Being a teenager is hard, no bones about it. And for youths who experience more than their fair share of hardship — whether that’s due to socioeconomic disadvantage, being part of the LGBTQ+ community or involvement with the juvenile justice system — mentorship can be a critical resource to help marginalized youths succeed. Yet as COVID-19 swept the world in 2020, many traditional mentorship programs had to move online, disrupting the ability for mentors and mentees to connect and make progress.
In a recent publication, a research team entirely comprised of UCCS-affiliated faculty and staff examined whether or not therapeutic mentorship for multiply marginalized youths could still create successful outcomes, despite the challenges of the pandemic.
What they discovered is that while both mentors and mentees were forced to adapt to new ways of connecting, with time, effort, care and a key skill — adaptability — both parties still experienced growth.
The paper, titled “Therapeutic Mentoring for Multiply Marginalized Youth: A Grounded Theory Study of Mentors’ Adaptation during the COVID-19 Crisis” and published in the Journal of Human Services, examined the experiences of undergraduate mentors and mentees aged 10–18 involved in the Campus Connections program at UCCS during the onset of the COVID-19 pandemic.
The Campus Connections program, which serves local Colorado Springs school districts, focuses on building relationships between mentors and mentees to help youths work towards academic success, improve social and emotional wellness and make progress towards personal goals. Typically, this work happens face-to-face, in four-hour sessions offered each week of the semester. Yet while both parties began their yearlong program in person, they were forced to pivot to virtual programming to limit the spread of the coronavirus during March of 2020.
The researchers report an initial feeling of overwhelm, especially on the part of the program’s mentors. The mentors experienced “a grief process,” wrote the researchers, characterized by shock, anxiety, sadness and fear — a response to losing the normalcy they experienced pre-pandemic. And as they adapted to virtual programming, they experienced new stressors. In particular, mentors reported feeling emotionally taxed by the concern and empathy they felt as, for the first time, they witnessed the challenges mentees experienced at home through the backgrounds of their video feeds: arguments, lack of resources and unmet needs. And they reported concern that mentees were distracted, disengaged, and unable to make progress in a new format.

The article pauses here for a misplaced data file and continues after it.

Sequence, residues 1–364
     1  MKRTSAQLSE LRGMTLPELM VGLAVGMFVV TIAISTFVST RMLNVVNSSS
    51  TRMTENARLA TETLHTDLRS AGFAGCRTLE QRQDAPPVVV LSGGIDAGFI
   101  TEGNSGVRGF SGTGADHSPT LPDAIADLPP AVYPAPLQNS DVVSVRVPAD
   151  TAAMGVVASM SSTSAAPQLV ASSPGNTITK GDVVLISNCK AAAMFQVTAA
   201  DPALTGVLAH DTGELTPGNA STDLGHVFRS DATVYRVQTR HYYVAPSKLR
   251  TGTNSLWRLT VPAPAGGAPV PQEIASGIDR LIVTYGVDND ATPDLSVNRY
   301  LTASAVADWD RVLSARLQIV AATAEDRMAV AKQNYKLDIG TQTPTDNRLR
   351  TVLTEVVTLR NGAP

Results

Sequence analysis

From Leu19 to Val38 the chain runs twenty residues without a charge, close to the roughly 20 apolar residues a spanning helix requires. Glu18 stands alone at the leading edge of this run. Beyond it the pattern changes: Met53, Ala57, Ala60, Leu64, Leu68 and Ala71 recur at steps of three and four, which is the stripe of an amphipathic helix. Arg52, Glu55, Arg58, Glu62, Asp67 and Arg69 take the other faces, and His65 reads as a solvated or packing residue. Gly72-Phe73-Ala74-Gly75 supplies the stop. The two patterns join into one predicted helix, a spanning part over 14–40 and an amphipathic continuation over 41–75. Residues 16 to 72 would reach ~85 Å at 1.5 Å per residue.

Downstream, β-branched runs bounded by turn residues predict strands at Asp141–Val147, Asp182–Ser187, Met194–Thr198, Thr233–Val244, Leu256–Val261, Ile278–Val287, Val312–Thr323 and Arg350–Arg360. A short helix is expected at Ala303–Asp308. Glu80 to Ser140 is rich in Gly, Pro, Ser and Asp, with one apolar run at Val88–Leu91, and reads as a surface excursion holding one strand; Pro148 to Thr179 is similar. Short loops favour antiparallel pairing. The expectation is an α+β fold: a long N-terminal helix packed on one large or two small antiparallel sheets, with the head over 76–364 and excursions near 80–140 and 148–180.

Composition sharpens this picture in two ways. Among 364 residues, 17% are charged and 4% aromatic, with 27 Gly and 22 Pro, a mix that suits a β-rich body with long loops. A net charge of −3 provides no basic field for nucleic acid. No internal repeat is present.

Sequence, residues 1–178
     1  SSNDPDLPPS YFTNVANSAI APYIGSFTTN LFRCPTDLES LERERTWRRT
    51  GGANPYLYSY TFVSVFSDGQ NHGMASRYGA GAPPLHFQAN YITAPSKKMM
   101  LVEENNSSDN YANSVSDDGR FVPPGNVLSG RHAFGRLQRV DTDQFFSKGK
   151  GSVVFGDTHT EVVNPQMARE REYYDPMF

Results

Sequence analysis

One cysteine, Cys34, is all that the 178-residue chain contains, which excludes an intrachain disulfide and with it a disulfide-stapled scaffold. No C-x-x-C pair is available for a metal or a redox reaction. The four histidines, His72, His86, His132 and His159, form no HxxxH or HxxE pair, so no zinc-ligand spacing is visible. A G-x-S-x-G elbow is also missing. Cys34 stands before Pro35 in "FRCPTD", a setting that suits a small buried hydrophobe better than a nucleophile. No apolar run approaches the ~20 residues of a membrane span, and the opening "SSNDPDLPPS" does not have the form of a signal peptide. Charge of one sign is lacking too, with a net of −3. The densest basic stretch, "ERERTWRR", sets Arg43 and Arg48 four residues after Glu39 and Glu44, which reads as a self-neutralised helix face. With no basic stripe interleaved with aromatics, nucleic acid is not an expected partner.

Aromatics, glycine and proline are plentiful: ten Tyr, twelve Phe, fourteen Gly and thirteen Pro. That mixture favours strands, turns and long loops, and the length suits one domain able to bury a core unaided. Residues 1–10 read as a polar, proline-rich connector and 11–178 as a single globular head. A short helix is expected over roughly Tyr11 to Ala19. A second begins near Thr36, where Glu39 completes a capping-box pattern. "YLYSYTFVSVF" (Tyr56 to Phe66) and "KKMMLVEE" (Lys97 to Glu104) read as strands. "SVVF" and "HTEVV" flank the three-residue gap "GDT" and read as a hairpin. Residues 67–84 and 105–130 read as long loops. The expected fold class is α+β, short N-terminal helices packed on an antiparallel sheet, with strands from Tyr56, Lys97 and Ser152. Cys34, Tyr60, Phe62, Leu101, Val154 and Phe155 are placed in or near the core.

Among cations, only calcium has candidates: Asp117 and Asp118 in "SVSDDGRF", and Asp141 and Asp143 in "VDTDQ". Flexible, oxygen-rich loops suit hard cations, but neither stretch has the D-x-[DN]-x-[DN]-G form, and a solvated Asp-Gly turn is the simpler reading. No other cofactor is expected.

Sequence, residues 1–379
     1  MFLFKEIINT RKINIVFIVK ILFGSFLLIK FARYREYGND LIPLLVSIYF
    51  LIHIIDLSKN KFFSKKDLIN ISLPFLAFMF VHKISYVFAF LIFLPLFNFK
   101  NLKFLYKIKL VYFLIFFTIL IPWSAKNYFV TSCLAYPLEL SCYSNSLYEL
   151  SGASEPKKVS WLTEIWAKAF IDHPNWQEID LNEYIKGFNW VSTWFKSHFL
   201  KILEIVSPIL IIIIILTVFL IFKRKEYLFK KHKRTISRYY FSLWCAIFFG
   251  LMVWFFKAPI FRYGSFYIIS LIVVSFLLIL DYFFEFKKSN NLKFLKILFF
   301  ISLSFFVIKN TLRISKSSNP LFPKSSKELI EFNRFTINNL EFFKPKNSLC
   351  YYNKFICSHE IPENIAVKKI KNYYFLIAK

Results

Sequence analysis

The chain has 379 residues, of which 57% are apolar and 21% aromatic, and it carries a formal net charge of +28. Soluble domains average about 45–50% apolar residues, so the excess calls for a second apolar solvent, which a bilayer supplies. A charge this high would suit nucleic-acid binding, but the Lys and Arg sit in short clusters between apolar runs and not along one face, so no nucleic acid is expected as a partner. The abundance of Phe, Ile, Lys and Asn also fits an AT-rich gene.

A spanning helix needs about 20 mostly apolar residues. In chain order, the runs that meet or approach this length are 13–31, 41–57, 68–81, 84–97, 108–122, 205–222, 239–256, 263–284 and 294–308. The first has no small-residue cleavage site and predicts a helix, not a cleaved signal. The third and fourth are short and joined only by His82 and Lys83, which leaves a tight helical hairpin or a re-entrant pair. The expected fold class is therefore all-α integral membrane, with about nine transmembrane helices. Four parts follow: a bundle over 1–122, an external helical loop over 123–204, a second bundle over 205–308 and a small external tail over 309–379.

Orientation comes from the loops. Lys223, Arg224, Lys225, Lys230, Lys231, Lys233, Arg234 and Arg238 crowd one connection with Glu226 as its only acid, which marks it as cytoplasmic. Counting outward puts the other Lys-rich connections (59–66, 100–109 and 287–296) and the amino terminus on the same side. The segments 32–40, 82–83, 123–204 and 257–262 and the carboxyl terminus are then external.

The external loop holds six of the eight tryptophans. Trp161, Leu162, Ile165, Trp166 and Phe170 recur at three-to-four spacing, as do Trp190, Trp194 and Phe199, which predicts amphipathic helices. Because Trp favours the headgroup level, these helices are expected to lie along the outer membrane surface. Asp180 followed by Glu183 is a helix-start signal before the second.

But with time, effort and care, the research team reported that mentors and mentees were able to adapt to a new environment. Mentors learned to tune into their mentees’ nonverbal cues in a new way, noticing if they were distracted or engaged. They prioritized one-on-one time and played online games together. Through a key skill — adaptability — they were able to learn how to bond with their mentees virtually.
Most importantly, both mentors and mentees reported growth and connection. One mentor shared an interaction with their mentee’s parent that reinforced the positive impact of reinforcing their mentee’s strengths: “[My mentee’s mother] said that she loved how encouraging I was to [my mentee], and that I really helped her to believe in herself. She knew she was smart, but she kept saying things [about herself] that would bring her down. I think those negative thoughts were making her feel less than what she actually was.”
“When compared to in-person mentorship, mentors and mentees report lower levels of trust and rapport and describe the relationship as taking longer to develop. Yet, with care and time, a community can develop and be maintained online similar to face-to-face mentoring,” the researchers write, citing prior research.
By prioritizing connection, and creatively adapting the skills learned in training, mentors and mentees were able to witness growth, the research team concluded. In turn, they suggested that future mentorship programs would benefit from curricula that train mentors in adaptation to novel situations.
After all, you can’t prepare for what you can’t expect — but you can learn the skills to be able to land on your feet.
The research team included:
- Cortny Stark, Assistant Professor of Counseling and Human Services
- Joe Wehrman, Professor of Counseling and Human Services
- Diane Stutey, Assistant Professor and Chair of the Department of Counseling and Human Services
- Alfredo Palacios, Assistant Professor of Counseling and Human Services
- Kim Severn, Instructor of Counseling and Human Services
- Lori Notestine, Instructor of Counseling and Human Services
- Molly Cammell, Campus Connections Program Coordinator
- Hailey Gloden, Abby Solis and Kodi Enkler, graduate assistants
About the UCCS Department of Counseling and Human Services
Housed within the College of Education at the University of Colorado Colorado Springs (UCCS), the mission of the Department of Counseling and Human Services is to provide excellence in professional preparation of undergraduate, masters and advanced degree-seeking students. Experienced faculty delivers high-quality professional education that leads to transformational change.
The philosophy behind the department’s training programs emphasizes that counselors assist clients and students with life challenges through dynamic, holistic, developmentally appropriate and strength-based interventions which emphasize the creation of healthy coping skills. Learn more about the Department of Counseling and Human Services on the UCCS website.